Re: [v6ops] draft-ietf-v6ops-mobile-device-profile last call- "harmfully broad"?

<david.binet@orange.com> Wed, 18 February 2015 16:40 UTC

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From: <david.binet@orange.com>
To: Lorenzo Colitti <lorenzo@google.com>, "Heatley, Nick" <nick.heatley@ee.co.uk>
Thread-Topic: [v6ops] draft-ietf-v6ops-mobile-device-profile last call- "harmfully broad"?
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Date: Wed, 18 Feb 2015 16:39:56 +0000
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Subject: Re: [v6ops] draft-ietf-v6ops-mobile-device-profile last call- "harmfully broad"?
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Hi,


On Tue, Feb 17, 2015 at 8:31 PM, Heatley, Nick <nick.heatley@ee.co.uk<mailto:nick.heatley@ee.co.uk>> wrote:
I can see why you argue for lowest common denominator of v6 requirements.
I think your stance that this can work across the board is “harmfully restrictive”.
The other approach is understanding the differences and trying to set a slightly higher bar that highlights conditional requirements of the collective; what you call  “harmfully broad”.

What I'm saying is that if your goal is IPv6 deployment in a reasonable timeframe, then the right strategy is *not* to make a list of all the features under the sun, wait until they have all been implemented, and deploy them. A better strategy is to start from the features that are required, test and deploy those, and then iterate. As the industry evolves and IPv6 becomes more common, IPv6 features will become higher priority for vendors and they will get implemented.
[DB] Could you be more explicit and indicate which features are not useful in the draft ? As you can mention it, all features are not indicated as mandatory in the draft so I do not clearly understand how this document conflicts with what you say considering that the goal for the operator is to provide at least the same service access for users with IPv6 connectivity than for users with IPv4 connectivity whatever the strategy retained by the operator.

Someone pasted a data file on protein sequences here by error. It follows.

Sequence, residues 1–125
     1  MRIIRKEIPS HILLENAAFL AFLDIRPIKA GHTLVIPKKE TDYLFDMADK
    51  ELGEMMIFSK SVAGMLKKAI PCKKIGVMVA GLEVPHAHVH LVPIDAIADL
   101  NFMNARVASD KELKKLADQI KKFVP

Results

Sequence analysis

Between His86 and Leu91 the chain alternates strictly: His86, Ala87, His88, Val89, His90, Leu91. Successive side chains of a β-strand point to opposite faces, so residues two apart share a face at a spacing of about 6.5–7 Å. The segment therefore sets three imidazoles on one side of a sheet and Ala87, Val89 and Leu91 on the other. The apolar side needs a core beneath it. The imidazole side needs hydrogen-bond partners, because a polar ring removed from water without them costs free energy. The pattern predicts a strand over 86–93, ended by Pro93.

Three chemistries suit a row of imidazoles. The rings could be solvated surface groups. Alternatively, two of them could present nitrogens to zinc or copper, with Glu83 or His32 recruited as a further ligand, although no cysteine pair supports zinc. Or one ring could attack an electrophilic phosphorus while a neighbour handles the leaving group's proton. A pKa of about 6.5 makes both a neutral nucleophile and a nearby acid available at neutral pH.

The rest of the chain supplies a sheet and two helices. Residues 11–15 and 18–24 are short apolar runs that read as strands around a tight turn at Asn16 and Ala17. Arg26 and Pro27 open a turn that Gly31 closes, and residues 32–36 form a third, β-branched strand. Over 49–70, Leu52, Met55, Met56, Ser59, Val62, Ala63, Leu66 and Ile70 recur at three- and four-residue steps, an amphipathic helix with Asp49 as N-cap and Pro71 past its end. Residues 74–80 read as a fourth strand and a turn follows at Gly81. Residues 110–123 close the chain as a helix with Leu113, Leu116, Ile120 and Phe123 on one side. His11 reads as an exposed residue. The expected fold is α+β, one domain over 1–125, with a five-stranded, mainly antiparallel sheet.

On Tue, Feb 17, 2015 at 8:31 PM, Heatley, Nick <nick.heatley@ee.co.uk<mailto:nick.heatley@ee.co.uk>> wrote:
This is the game of chicken approach, I have no doubt it works, but is it inclusive to all mobile operators?
For me, it has some limitations:

-          The operator must have top down backing for a terminal policy of “IPv6 or you are out” (now that is a wildcard condition in itself); it may compromise relationships in a valuable ecosystem

-          Where the operator has high major market power helps. Where markets have a number of players ready to play the IPv6 game, there is an advantage. Otherwise the operator is very exposed to divide and conquer

-          Currently it tends to play out as a the simplest set of requirements. Which also means simplest set of network capabilities. Sometimes these simplest set of network capabilities are at odds with the business priorities of the operator (clear examples are: APN strategy, tethering approach, roaming approach, subsidised handset vs “SIM-only”)
(Not having an IPv6 capable network is a myth you are promoting to discredit operator views, it is a red herring – any operator specifying *any* IPv6 requirements will very quickly need this capability to validate terminals whatever the path they choose.)

I can see why you argue for lowest common denominator of v6 requirements.
I think your stance that this can work across the board is “harmfully restrictive”.
The other approach is understanding the differences and trying to set a slightly higher bar that highlights conditional requirements of the collective; what you call  “harmfully broad”.


From: Lorenzo Colitti [mailto:lorenzo@google.com<mailto:lorenzo@google.com>]
Sent: 17 February 2015 02:41
To: Heatley, Nick
Cc: Ross Chandler; IPv6 Ops WG (v6ops@ietf.org<mailto:v6ops@ietf.org>)
Subject: Re: [v6ops] draft-ietf-v6ops-mobile-device-profile last call- "harmfully broad"?

On Tue, Feb 17, 2015 at 10:57 AM, Lorenzo Colitti <lorenzo@google.com<mailto:lorenzo@google.com>> wrote:
Yes. Make IPv6* (see below) a requirement for carrier-branded devices, and give the OEMs a credible signal that from date X onwards, you *will* fail TA on every device that doesn't implement IPv6, and you *will not* waive the requirement. That's what Verizon and T-Mobile did, and it worked for them.

Also: if you think that this strategy is not feasible because you do not have an IPv6 network yet, then yes, that's true - you can't make IPv6 a device requirement until you have an IPv6 network.

But I think the key point here is that apart from the lack of 464xlat on iOS, the mobile operating systems are a lot more ready for IPv6 than you might think they are. Once the network is complete, I think turning on IPv6 in the devices does work. Orange Poland, Telenor, and SK Telecom should be able to confirm.

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